Canadian Music Trade - August/September 2017 - Page 27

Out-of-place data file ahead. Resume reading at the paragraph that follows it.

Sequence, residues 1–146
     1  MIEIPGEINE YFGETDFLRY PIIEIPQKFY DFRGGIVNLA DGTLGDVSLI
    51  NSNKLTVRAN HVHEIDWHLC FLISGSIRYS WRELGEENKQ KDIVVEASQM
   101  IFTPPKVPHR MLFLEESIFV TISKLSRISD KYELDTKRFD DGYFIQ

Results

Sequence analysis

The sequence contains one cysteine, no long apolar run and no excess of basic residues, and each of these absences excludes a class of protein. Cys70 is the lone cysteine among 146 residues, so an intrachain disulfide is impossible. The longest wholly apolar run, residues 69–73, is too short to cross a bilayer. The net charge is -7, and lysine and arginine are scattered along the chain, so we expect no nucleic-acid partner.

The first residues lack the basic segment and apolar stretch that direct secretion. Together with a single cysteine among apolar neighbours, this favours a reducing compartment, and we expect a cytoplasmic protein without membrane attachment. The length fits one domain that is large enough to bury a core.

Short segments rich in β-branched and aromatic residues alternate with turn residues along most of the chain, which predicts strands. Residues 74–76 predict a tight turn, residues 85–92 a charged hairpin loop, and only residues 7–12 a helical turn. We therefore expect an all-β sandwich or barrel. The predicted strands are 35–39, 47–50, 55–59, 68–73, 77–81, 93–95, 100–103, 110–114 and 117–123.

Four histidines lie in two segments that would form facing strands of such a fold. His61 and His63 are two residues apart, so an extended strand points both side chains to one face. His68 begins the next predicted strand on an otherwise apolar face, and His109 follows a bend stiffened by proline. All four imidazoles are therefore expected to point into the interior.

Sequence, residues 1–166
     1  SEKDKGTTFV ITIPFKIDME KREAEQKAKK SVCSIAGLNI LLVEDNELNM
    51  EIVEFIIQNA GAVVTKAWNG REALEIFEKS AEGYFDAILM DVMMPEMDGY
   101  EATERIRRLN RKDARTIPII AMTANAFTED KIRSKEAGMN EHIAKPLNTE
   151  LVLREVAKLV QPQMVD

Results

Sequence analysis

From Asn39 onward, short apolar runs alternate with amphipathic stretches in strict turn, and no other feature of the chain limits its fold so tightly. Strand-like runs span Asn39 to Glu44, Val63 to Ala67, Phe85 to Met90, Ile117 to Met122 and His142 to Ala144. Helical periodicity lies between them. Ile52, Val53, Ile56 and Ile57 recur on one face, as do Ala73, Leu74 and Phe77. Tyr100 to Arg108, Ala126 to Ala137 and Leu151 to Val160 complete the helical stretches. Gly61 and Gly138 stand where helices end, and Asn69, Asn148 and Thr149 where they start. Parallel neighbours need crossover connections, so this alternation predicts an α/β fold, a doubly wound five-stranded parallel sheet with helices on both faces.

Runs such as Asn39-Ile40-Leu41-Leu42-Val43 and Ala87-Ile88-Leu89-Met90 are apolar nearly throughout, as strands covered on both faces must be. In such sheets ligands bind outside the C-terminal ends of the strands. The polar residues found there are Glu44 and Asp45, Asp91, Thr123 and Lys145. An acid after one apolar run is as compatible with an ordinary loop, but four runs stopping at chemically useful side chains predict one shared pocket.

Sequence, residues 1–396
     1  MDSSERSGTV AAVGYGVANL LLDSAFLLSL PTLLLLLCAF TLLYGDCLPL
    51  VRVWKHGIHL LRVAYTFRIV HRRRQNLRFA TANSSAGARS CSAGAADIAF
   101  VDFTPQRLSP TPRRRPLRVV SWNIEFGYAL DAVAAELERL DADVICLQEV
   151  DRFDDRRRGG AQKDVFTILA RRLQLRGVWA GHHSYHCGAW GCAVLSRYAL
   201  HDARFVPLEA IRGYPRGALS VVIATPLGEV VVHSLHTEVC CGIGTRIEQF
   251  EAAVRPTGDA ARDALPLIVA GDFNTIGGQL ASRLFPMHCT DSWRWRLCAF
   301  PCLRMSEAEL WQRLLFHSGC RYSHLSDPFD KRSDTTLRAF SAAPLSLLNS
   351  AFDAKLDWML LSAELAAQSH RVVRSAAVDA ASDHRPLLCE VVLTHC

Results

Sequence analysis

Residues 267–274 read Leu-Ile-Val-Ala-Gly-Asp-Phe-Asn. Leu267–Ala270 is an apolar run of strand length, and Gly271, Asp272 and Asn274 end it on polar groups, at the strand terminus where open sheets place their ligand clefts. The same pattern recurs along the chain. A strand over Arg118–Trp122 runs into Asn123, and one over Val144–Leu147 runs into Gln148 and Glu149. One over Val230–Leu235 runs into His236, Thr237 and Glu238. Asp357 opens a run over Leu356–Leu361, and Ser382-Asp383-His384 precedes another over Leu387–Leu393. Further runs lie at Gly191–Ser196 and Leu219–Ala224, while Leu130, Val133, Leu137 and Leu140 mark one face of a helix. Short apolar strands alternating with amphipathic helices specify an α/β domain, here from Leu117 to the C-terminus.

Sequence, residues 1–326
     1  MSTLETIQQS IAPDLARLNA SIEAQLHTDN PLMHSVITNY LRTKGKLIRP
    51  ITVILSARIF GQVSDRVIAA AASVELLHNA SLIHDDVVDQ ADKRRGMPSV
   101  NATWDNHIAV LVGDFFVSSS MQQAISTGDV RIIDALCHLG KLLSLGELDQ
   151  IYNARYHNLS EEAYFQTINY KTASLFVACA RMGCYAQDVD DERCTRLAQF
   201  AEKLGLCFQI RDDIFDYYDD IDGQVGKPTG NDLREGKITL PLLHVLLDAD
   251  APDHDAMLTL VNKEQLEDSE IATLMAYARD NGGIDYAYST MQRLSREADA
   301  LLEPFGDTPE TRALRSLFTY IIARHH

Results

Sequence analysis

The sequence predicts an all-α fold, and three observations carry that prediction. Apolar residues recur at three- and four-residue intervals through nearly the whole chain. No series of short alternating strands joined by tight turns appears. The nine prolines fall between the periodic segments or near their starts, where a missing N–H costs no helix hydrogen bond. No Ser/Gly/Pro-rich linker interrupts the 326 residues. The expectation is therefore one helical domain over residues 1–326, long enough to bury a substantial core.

subjects, but improves estimation and computation skills and en- hances student engagement in school learning overall.” That’s a lot of learning… Okay, we get it. The research supports it. So what do the educators say? Sandy Thomas, a lawyer and a board member for Jazz Perfor- mance and Education (JPEC), is in charge of JPEC’s school outreach program. She volunteers to set up music programs in schools in high-needs and under-serviced areas – particularly those with lim- ited or no formal music programs. It works out to about 50 visits a year in the Toronto area. Thomas has witnessed the children’s concentration, focus, and thinking in the sessions. “These interactive workshops examine the various components of jazz, the roles of various instruments, the importance of improvisation, composition, and more.” After one session, a teacher said: “I noticed that even the chil- dren who have some behavioural challenges were fully engaged with the programming and calmed down. With the room full of instruments formed in concentric circles, I felt that it added to the philosophy of community at the Africentric school.” JPEC is one of several not-for-profit organizations with a school program. In JPEC’s case, musicians are paid to visit one or more classrooms and conduct workshops, either as individuals or in groups. The kids come away inspired to learn. Teacher and musician Andre Soares uses all kinds of music ensembles as a way to teach repertoire, soloing, listening, and basic music theory. He has seen resources in schools reduced for the arts, including music. If teachers, faculty, and parents want music for their children, teachers are responsible for making it happen themselves. “I usu- ally have to contact the people who will provide the funds,” Soares notes. Because some of the kids he teaches come from low-income families, he spends his own time researching and arranging for them to attend symphony performances and other events, as well as bringing musicians to his school. Tafelmusik, the internationally known Canadian baroque orchestra and chamber choir, does its part by offering free after- noon concerts, providing 150 free tickets to full performances for student audiences, advancing downloadable preparatory materials for teachers and parents, and arranging musician visits to schools throughout North America. There are others, too, but often, for the kids to get up close and personal, money is needed to pay for workshops and musicians. We know that music is social. Music in schools can bring peo- ple together for all kinds of causes says James Miller, a grade eight teacher in Newmarket, ON. Music, he says, can be the catalyst for fundraising events, recognition events like Black History Month, and special campaigns like anti-bullying and mental health awareness. Miller is also a professional musician, has taught songwriting at York Region Arts Camp for seven years, and conducted local ele- mentary choirs for 11 years, involving over 3,000 children from over 20 schools. All the teachers and musicians I spoke to feel that music in schools is much more than just fun. Soares confirms the research: music can help with social interaction, cooperation, emotional well- being, goal setting, and concentration. So back to the research… The Coalition for Music Education has shared research on its website that once again talks about the benefits of music. Study after study tells us that music education enhances learning on many fronts. School curriculum is set by individual provinces, and some are more positive about music education than others. For example, the Manitoba curriculum for grades one to eight says: “Music enriches a vibrant culture and is integral to human life. It has the power to illu- minate, deepen, broaden, and enhance human experience. Music and musicians have an impact on daily experience, help define and express individual and collective identities, and shape, reflect, and comment upon societal and cultural values.” Integral to human life. That’s a pretty strong statement. Ontario’s curriculum document for kindergarten to grade eight is a little different: “Since arts experiences offer other modes and ways of experiencing and learning, children will have opportunities to think and feel as they explore, problem solve, express, interpret, and evaluate the process and the results. To watch a child completely engaged in an arts experience is to recognize that the brain is on, driven by the aesthetic and emotional imperative to make meaning, to say something, to represent what matters.” PBS Parents, a parenting resource from the American public broadcaster, reports the benefits of making music: “Making music involves more than the voice or fingers playing an instrument; a child learning about music has to tap into multiple skill sets, often simultaneously. For instance, people use their ears and eyes, as well as large and small muscles, says Kenneth Guilmartin, co-founder of Music Together, an early childhood music development program for infants through kindergarteners that involves parents or caregivers in the classes.” But is the money where the political mouths are? Children are influenced by music from – and even before – birth. Most cultures sing to their babies to soothe and calm them. As kids grow, rhythm makes them happy. 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